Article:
Directors remarked that wage restraint and stable labor relations had made an important contribution to economic growth and employment in recent years. They recommended renewal of the income protocol to facilitate the maintenance of stable labor relations and wage restraint. They stressed the need for more flexible work rules and practices, and also encouraged the authorities to review the severance payments regime, with a view to reducing labor costs and enhancing labor flexibility, and integrating it better with the social safety net. Such improvements, together with the authorities' plan to strengthen education and training, should help increase the adaptability of the labor force and address the unemployment problem.
Directors noted that data weaknesses hampered the economic analysis, and urged the authorities to improve the availability and provision of data for surveillance.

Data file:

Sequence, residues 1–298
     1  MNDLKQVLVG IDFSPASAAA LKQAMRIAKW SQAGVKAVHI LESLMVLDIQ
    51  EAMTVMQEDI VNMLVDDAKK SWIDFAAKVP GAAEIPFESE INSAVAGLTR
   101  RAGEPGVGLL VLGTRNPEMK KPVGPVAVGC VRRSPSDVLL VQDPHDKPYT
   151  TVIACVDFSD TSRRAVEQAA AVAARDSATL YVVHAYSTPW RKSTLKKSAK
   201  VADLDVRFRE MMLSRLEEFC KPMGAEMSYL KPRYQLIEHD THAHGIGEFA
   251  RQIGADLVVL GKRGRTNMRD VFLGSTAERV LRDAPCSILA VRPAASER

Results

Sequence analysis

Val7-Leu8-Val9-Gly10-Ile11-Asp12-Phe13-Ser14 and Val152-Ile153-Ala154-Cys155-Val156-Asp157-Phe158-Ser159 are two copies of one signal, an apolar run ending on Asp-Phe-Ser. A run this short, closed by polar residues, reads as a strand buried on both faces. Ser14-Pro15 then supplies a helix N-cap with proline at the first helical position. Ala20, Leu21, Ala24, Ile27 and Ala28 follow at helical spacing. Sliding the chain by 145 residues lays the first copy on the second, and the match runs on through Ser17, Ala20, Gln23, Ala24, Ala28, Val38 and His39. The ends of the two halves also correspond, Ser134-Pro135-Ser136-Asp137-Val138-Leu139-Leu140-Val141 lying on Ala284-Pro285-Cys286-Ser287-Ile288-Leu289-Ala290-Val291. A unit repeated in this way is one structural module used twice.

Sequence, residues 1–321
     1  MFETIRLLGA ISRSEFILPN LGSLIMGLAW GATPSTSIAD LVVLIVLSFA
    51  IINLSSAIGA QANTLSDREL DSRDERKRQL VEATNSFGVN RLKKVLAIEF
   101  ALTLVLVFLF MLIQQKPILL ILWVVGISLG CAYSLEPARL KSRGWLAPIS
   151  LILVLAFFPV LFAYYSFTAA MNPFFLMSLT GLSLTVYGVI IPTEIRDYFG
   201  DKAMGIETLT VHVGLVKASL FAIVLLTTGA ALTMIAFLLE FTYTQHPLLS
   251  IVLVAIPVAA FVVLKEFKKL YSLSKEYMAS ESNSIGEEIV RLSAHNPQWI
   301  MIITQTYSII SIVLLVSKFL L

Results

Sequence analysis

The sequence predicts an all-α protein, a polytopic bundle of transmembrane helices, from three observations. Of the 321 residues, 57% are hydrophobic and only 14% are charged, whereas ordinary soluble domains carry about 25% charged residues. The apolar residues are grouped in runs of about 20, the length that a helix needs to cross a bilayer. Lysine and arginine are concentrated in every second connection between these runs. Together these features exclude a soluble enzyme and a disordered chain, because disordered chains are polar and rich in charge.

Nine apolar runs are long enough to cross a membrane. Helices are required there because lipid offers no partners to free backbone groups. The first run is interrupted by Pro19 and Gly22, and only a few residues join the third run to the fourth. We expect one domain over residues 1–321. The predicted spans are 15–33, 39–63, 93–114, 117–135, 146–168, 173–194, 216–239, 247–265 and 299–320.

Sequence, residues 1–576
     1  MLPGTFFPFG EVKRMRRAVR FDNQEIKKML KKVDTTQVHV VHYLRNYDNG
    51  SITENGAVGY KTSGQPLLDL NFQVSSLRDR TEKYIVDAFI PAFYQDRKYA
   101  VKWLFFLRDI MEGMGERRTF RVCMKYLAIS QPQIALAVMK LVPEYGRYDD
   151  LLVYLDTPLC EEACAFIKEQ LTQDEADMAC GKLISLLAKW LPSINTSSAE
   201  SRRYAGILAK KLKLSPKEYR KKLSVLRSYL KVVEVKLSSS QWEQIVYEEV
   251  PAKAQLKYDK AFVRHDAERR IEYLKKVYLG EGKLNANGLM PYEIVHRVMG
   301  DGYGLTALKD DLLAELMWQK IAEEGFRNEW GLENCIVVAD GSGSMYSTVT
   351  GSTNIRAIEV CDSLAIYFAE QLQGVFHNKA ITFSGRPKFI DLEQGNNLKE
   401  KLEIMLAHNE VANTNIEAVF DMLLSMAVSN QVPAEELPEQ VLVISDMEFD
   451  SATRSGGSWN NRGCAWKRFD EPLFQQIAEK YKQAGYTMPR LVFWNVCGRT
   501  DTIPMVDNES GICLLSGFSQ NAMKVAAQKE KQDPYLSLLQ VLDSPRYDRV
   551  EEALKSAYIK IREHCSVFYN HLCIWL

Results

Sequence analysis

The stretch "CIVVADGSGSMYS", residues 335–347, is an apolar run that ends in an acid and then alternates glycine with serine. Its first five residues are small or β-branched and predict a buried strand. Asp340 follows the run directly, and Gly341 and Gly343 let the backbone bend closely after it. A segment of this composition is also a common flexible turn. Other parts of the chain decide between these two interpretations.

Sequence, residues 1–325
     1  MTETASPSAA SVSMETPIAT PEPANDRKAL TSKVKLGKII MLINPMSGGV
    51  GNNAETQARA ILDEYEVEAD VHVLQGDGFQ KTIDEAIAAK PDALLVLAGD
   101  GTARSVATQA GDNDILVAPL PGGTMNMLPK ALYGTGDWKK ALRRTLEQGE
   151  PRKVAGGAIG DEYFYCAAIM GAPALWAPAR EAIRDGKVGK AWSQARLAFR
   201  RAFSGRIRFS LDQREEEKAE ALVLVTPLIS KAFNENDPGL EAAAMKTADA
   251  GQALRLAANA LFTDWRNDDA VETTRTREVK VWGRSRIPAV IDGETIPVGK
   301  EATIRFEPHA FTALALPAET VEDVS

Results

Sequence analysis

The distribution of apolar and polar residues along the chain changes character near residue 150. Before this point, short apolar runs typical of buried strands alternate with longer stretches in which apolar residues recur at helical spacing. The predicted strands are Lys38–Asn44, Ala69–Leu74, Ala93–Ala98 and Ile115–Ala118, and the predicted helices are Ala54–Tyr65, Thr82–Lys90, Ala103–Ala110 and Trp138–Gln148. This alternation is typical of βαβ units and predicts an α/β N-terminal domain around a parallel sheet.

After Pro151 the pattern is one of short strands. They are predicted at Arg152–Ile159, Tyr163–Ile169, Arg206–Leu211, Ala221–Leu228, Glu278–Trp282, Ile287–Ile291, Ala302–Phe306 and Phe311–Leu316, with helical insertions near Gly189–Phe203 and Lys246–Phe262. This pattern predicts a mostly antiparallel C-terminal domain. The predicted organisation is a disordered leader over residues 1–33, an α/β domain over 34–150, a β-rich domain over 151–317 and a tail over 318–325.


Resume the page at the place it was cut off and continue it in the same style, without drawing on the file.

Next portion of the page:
|Barbados: Selected Economic Indicators|
|(Annual percentage changes; unless otherwise specified)|
|Output and prices|
|Consumer prices (12-month increase)1||-1||0.5||2.8||1.8||3.6|
|Unemployment rate (in percent of the labor force)2||22.1||21.2||16.4||14.3||12.2|
|Real effective exchange rate (depreciation - )3||0.5||-3.5||-1.3||-0.8||5|
|Money and credit|
|Net domestic assets 4||3.8||1.5||3.1||4.7||5.2|
|Money and quasi-money||5.1||7.8||4.8||10.5||8|
|(In percent of GDP at market prices)|
|Public sector underlying balance (deficit-)||0.6||2.3||2.1||-0.8||0.8|
|Central government overall balance||-1.6||-0.8||-0.3||-2.9||-1|
|National Insurance Scheme||2.2||2.1||2.3||2.4||2.4|
|Total public debt7||79||76.7||69.6||66.7||64.3|
|External public debt7||27.1||25.5||22.3||20.6||19.6|
|Savings and investment|
|Gross domestic investment||12.7||13.4||14.1||12.7||15.7|
|Gross national saving||17||21.1||19||16.5||18.4|